"Just winning the show is not gonna guarantee you success. I have to go out there, work hard, and grab every opportunity I
possibly can." - Davey Grant
With an 8-1 pro mixed martial arts record in which he finished all eight of his victories, Davey Grant might have already been a fight or two into his UFC career if his address read California, Nevada, or anywhere else in the United States. But when you’re from Bishop Auckland, County Durham in England, the road to the Octagon is a bit rougher.
And in situations like that, the idea of competing on The Ultimate Fighter is not just welcome, but often necessary.
“I know that I needed something like the show and to be honest, it’s always been one of my dreams to get on The Ultimate Fighter,” said Grant, who fights Chris Holdsworth for the season 18 men’s title on Saturday in Las Vegas. “I’ve always thought, I hope to God that I would get that experience of going on there, and not just getting to the UFC, but being on The Ultimate Fighter. I’ve watched it for years and I really wouldn’t have felt complete if I didn’t get on. So as soon as I found out about the tryouts, I went straight over. I wanted people to see that I’m a nice guy, I thought I could make a good show, and show off my fighting skills at the same time. I felt like it was my destiny in life to go on that show.”
Not exactly the reaction you get from those who went through the reality series and thought it was akin to a prison sentence. For Grant, it was an opportunity to not just possibly earn a spot on the UFC roster, but alter his career and life – and the lives of his fiancé and two sons.
“It was a brilliant time,” he said of his time on the show. “At the time it didn’t seem like it because it was really, really hard, but now that it’s all over and done with, I’m so pleased. It was a wonderful experience. I knew what I was doing it for, I knew I was trying to better their lives in the end, and obviously things have worked out really well and I’ve got a chance to really make a difference in their lives from doing the show now.”
Perhaps more than any other season, TUF 18 had several athletes competing that were doing so as fathers and mothers and not just prizefighters. And though it wasn’t easy for any of them to be away from their kids, perhaps it was even tougher for Grant knowing that his sons weren’t a state or two away, but in another country altogether.
“I don’t know how everyone else was feeling, but I know that I felt so far from my family and it was pretty hard,” he said. “I’m sure it was the same for all the people who had children in the house, whether the kids were just up the road or halfway around the world. It was so hard when you’re used to seeing them and talking to them every day. It was torture for all the parents.”
At the moment though, that’s all behind the 27-year-old bantamweight prospect. Sure, he’s on the road again and back in Vegas, but this time it’s with the realization that with one more win, he will join Michael Bisping and Ross Pearson as the only England natives to win TUF. That’s solid company to be in, especially when you look at what both “The Count” and “The Real Deal” have accomplished in the Octagon thus far, even going back to coach TUF following their season’s victories.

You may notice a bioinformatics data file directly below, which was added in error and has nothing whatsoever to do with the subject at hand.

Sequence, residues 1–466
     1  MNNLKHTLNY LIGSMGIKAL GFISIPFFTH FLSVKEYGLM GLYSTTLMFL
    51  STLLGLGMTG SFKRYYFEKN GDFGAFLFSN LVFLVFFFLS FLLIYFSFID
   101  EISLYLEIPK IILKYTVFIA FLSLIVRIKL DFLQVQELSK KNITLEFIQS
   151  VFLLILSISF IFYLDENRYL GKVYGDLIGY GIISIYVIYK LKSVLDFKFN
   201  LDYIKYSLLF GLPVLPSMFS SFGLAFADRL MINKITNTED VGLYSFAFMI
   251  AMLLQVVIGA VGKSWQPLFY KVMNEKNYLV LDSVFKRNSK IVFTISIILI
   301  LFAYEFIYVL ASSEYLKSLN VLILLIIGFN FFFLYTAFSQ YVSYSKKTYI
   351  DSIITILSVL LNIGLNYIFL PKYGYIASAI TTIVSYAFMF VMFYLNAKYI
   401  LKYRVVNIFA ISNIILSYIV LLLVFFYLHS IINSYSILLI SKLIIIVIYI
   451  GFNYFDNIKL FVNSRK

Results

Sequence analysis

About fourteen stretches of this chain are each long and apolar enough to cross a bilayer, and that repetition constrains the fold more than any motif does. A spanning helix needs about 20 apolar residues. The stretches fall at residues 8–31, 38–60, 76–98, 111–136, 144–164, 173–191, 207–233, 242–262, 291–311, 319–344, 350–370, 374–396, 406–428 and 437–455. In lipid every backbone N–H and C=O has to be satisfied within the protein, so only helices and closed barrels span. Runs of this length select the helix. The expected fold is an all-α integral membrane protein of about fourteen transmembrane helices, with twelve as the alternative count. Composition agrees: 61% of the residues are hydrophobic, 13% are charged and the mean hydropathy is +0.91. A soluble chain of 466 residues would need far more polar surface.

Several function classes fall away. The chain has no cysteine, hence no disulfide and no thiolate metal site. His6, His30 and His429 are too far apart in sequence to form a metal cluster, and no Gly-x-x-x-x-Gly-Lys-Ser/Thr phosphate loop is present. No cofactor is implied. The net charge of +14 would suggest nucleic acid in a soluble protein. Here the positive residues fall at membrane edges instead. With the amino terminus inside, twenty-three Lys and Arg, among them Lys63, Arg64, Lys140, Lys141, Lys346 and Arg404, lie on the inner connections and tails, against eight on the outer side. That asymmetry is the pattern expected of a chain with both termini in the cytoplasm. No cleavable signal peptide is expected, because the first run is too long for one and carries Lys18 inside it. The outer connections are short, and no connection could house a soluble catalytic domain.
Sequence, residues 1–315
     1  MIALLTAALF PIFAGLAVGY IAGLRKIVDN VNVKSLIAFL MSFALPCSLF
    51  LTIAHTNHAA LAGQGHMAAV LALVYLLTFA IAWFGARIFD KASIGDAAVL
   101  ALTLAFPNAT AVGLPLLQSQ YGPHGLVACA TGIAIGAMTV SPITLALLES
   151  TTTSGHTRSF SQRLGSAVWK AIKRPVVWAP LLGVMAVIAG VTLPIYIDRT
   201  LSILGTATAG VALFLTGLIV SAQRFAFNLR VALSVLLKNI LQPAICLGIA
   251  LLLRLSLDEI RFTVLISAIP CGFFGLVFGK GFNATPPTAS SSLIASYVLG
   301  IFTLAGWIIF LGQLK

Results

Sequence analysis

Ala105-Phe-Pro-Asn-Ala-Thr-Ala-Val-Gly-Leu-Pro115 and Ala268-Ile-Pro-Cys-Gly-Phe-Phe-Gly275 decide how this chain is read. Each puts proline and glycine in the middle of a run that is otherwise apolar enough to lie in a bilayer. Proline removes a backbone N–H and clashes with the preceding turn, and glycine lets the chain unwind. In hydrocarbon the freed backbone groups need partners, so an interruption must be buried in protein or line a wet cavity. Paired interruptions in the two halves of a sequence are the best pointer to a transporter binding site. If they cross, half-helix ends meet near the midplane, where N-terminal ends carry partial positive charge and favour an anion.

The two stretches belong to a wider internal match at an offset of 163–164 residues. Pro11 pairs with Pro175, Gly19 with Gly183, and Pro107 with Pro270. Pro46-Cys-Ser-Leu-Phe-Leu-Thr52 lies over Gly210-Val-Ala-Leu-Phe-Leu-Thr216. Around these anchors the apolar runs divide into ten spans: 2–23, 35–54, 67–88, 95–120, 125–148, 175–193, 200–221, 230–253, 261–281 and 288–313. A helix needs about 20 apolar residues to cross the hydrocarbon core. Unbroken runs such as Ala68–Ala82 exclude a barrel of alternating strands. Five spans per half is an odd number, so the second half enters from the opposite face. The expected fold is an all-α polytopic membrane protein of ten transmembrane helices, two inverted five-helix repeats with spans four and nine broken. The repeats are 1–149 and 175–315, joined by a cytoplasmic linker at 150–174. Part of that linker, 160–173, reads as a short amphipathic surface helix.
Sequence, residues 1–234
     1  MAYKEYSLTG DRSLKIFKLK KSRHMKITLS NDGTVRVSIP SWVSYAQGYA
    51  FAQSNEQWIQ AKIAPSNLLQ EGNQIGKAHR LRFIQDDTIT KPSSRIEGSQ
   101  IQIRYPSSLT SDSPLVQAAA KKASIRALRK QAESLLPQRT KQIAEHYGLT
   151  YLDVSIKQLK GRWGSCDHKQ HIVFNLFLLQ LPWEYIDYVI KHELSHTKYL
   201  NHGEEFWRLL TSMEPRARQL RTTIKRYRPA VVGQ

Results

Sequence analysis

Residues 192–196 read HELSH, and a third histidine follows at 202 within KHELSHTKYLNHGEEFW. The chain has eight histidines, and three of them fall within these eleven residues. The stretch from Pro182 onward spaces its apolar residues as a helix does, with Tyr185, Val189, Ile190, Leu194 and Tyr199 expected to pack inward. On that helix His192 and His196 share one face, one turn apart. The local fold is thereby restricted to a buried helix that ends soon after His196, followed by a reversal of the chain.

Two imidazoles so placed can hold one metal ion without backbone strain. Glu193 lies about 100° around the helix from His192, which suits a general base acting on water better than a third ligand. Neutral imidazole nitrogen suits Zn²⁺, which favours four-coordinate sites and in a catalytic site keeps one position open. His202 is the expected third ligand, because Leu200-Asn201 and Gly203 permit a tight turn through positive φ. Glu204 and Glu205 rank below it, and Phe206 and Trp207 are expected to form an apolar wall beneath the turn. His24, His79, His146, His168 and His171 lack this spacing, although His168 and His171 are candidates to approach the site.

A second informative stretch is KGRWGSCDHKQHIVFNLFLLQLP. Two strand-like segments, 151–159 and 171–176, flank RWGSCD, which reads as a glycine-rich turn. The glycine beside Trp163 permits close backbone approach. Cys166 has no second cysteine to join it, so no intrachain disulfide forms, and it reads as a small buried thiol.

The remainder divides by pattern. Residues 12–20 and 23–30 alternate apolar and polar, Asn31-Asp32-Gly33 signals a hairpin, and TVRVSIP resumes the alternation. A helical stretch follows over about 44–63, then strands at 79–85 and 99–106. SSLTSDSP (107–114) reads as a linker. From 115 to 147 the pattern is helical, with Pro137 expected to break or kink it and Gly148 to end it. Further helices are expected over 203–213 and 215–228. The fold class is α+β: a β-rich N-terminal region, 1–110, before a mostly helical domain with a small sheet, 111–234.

“They’re two great role models to look at because they’ve done so well off the show, but obviously just winning the show is not gonna guarantee you success,” said Grant. “I have to go out there, work hard, and grab every opportunity I possibly can.”
It’s the same attitude he took on the show, where he submitted Danny Martinez and Louis Fisette before a forfeit by Anthony Gutierrez punched his ticket to the finals. Following the taping of the series, Grant returned to his family and his NEVT team in England to prepare for the biggest fight of his life.
“I’ve got a good set of lads here and I thought they could really help, especially with the opponent,” said Grant. “I got some good training over here with all the people I know and trust and that have got me this far already. And I thought it was a wise idea for us. To be honest, if I was fighting someone with a different style, maybe a little, stocky wrestler type guy, then I probably would have gone to America to train with more people like that. But for this camp it was a wise idea to stay home.”
Grant has gotten reacquainted with his coach on the show, Ronda Rousey, and teammates Shayna Baszler and Jessamyn Duke in the lead-up to the finale, and with this veritable army assembled to prepare him for battle, the Brit is ready for Holdsworth.
“I think we’ve both got good skills,” he said. “Chris has got some decent hands as well, and he’s not just all about the ground game. He rocked Chris Beal and then submitted him, so it’s not as if he’s just a jiu-jitsu guy. I think we’re both well-rounded and it makes for a great fight.”
One that Grant plans on walking away from with his hand in the air. In fact, it’s all he thinks about.
“I can’t get it out of my head from when I wake up to when I go to sleep,” he laughs. “It’s constantly on my mind, to be honest.”
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